I bet you have encountered similar situations. Some parallel use cases are analyzing Qlik session or reload data to understand concurrency, ex., what else was running that may have caused a file conflict and reload failure? A logically similar solution is using slowly changing dimensions with start/end dates or times to generate snapshots of employee or product data for headcount or product mix.

Converting Transactions to Periodic Snapshots unlocks trends and potentially hidden relationships

It’s difficult to detect trends without modeling the query transaction data differently. You can run one query simply enough to see what was happening at a single point in time, but it’s more work to understand what was happening across time to really tell the story of the data. Fortunately, there’s a data construct that enables this analysis called a Periodic Snapshot fact table.

A row in a periodic snapshot fact table summarizes many measurement events occurring over a standard period, such as a day, a week, or a month. The grain is the period, not the individual transaction.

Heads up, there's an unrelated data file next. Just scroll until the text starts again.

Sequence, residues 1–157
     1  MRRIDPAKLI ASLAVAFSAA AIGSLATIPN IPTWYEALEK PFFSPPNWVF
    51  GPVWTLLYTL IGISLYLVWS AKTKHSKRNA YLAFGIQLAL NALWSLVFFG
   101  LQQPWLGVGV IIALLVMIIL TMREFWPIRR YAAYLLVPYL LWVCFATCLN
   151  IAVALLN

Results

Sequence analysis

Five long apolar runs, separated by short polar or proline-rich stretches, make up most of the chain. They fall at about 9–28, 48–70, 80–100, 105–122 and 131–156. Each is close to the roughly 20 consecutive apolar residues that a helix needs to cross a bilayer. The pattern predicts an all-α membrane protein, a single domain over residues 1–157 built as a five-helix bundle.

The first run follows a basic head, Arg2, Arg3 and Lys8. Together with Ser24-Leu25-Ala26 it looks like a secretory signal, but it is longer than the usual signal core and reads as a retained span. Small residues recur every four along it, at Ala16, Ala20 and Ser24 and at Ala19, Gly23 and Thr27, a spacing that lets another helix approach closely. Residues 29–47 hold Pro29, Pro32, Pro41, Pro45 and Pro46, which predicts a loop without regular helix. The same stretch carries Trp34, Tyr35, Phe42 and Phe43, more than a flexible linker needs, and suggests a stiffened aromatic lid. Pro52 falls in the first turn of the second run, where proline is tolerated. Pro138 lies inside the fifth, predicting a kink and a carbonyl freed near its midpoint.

In traditional Dimensional Modeling the rows for a period might be aggregated based on important dimensions, but in this case, we will keep the query rows as they are. This works well with Qlik’s associative model with modest data volumes, maintaining down-to-the-query detail. It’s also the type of challenge that makes me grateful for native transformation capabilities so you can solve your own data problem without leaving the app.

Resulting data model: addition of QuerySecond table

Raw materials needed to generate snapshots

Start/end dates or times on source rows

Our data has query start and end times, down to the fraction of a second. You may need to derive your own period end dates or times if they are not provided, based on sorting rows and using inter-record functions.